It’s true, sippy cups were not around when I was growing up and I made it just fine.  So trust me, my son Adam is learning to drink with a regular glass or cup…hand over hand-very slowly.  Messy is my reality…and I’m busy. 🙂

In short, adding Value is giving information so that people are better for having known you.  Parent training can never be filled with NOs…and then whispering about how they never follow through while thanking God that they are not following through… because it keeps your schedule  and funds flowing.

This REAL life faced by families must come from the place of Let Me Show You How and Here is Why…trust me your schedule will be more bountiful because of the Value Add.  In the words of Sandi Krakowski #BEMORE

No More Tongue Depressors…Let’s Use Food

As a child, I have never ever liked tongue depressors.  In fact, I recall as a child the mere presence of them and watching them come towards my mouth would result in severe gagging and occasional regurgitation.  Tongue depressors were a norm for me as a child as I was always a casualty of October strep throat.  Even as an adult, every September and October…I get a bit of a cold (when I fall off of my healthy eating regime).  I did  quickly learn, as a youth, to open wider and verbalize to the doctor that I did not require a tongue depressor.

As a speech language pathologist working primarily with children with autism, I get their perspective quite frequently.  For those verbal, vocal, and nonverbal…I understand that often times you just don’t want to share, you just want to relax and not work, and you just don’t want the tongue depressor.  I have been fortunate to attend awesome schools and have extraordinary mentor SLPs in my young career.  These SLPs pushed me to the limits and today I am forever grateful.  One in particular, in the North surburbs of Chicago (Andrea, SLP), taught me how to reduce use of tongue depressors, horns, and the like to elicit speech and use real things. Andrea was the district consultant for Assistive Technology for children with Intensive Learning Needs in this special education school district.  First day, I was given assignments and told that my job was to make children better…get going.  She did not hold my hand at all (very different from the training and supervision a lot of new SLPs now want…is this generational?!? hmmm)!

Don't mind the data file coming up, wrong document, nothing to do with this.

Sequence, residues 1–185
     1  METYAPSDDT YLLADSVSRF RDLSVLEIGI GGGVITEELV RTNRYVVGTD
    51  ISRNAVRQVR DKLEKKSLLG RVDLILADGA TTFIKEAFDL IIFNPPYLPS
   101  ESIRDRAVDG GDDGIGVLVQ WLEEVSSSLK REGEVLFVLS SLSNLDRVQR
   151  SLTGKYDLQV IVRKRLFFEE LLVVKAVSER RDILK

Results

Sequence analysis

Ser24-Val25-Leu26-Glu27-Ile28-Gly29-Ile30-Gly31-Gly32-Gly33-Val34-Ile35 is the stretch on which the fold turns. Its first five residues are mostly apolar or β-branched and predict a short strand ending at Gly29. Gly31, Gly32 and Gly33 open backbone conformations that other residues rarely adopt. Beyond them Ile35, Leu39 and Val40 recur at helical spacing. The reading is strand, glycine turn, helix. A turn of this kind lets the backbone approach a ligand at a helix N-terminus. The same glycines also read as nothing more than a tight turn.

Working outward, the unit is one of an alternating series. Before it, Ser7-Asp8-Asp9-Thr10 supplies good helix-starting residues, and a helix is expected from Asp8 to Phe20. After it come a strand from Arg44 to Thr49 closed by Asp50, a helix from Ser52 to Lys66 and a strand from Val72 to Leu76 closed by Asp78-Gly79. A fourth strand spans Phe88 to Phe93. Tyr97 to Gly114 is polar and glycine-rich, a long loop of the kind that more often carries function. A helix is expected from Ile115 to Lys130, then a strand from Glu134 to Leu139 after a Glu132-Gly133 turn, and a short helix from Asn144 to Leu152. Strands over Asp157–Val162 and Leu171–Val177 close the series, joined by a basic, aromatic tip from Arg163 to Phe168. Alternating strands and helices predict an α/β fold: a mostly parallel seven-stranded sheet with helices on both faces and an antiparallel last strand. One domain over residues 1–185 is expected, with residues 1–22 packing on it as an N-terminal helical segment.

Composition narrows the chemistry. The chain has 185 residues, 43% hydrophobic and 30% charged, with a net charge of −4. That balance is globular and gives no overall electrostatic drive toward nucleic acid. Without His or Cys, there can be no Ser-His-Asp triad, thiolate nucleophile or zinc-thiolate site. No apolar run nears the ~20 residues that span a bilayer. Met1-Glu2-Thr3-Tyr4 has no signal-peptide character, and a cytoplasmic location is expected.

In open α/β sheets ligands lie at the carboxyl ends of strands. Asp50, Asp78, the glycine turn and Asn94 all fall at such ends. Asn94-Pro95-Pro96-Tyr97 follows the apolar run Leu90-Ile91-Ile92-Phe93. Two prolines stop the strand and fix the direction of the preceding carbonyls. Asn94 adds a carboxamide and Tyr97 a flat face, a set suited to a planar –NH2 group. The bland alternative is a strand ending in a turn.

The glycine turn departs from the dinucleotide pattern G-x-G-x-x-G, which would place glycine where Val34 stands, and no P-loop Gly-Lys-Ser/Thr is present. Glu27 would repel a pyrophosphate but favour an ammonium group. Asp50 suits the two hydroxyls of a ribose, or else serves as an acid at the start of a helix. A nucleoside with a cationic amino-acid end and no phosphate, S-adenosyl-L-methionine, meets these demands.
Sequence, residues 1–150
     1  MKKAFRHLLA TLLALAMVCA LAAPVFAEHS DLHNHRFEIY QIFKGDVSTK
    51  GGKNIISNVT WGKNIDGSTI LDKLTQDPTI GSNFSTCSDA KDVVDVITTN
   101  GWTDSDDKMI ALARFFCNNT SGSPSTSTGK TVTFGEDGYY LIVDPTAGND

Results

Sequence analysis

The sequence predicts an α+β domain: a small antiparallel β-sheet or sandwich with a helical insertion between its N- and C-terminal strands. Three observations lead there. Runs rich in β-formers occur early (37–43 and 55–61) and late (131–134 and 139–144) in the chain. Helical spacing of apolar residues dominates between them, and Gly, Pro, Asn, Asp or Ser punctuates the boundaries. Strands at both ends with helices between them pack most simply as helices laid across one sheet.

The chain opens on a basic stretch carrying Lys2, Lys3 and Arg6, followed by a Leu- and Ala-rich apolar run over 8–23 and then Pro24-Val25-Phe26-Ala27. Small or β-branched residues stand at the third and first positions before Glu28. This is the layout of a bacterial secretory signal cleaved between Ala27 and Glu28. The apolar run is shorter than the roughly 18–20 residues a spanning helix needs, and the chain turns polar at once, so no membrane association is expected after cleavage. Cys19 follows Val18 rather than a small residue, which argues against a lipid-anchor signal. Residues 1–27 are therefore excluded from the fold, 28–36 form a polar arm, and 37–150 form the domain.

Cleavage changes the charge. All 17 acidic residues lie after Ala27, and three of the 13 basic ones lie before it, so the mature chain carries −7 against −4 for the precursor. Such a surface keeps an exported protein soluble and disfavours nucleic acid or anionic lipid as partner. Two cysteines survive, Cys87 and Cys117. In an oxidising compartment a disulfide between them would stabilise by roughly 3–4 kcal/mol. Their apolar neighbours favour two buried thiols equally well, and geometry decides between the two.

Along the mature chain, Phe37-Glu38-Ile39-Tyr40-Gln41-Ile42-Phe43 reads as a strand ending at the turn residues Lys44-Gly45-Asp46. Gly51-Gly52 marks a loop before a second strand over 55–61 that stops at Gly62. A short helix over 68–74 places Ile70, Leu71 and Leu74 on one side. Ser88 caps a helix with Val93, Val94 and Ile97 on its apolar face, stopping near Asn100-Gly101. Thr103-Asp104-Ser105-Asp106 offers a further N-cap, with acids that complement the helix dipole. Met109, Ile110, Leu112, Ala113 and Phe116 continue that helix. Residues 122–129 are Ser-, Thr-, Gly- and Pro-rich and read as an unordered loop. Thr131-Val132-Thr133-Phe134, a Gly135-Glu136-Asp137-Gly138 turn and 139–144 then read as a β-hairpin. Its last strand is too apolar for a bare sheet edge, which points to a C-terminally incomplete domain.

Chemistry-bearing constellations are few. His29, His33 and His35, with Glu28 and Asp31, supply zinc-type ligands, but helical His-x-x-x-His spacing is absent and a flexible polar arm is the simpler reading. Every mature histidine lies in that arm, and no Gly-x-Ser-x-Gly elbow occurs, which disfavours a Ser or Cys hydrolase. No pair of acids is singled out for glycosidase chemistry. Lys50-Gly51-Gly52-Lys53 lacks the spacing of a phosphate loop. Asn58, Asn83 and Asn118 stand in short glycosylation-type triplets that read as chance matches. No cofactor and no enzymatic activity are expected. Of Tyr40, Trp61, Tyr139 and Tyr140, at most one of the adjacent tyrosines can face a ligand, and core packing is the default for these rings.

I was taught to reimagine how I could elicit the target sounds and integrate Anatomy, Nerve Function, Physiology with Real food/real objects.  Real: items that are part of the child’s everyday world or exposure and accessible to families.  I quickly learned that the Twizzler wrapped in gauze (for weight) and dipped in applesauce (or any other flavor) can give a wonderful impact for placement cues for lingual back sounds (k, g).  I utilize P.R.O.M.P.T. and other tactile cues to support…but let’s face it, food is much more appealing and welcoming when we think of objects that should come towards our face and mouth.

This week I have been working with a youngster trying to achieve bilabial placement for the production to [m].  We have some real coordination and placement issues.  I pulled out a trusty cracker.  and we held it with both lips at the place where the lips should be meeting for the production of the sound.  We did not over place this food item, but quickly transferred that placement cue to the production of the sound.  And he’s got it.

Social Emotional Learning is important when it comes to supporting motor speech disorders.  He likes crackers.  From a behavior analysis standpoint, I paired the “like” with the goal I am trying to achieve, and now I am shaping speech.  Communication connects people.  The tools we use to elicit these motor patterns, oral motor placement cues, must also support the transference of the connection to the desired movement.  Yes it takes thought and a great deal of time, especially if the youngster has aversions to textures, tastes, and the like.

For those that are more Finicky Eaters, it is a wonderfully messy task to play with food from the feet up.  In Speech Therapy, Occupational Therapy, and ABA Therapy we are rolling our car toys over crackers and pudding, playing in foam, steping on fruit snacks and then moving up to the mouth.  Motor begats motor.  Sensory Motor processing supports speech therapy.  Both are important.    This week I have worked more than a sweat in treating children and loving every minute of it.  I just wanted to thank a school SLP who was my graduate mentor for a full semester while at Northwestern because I went back to the basics.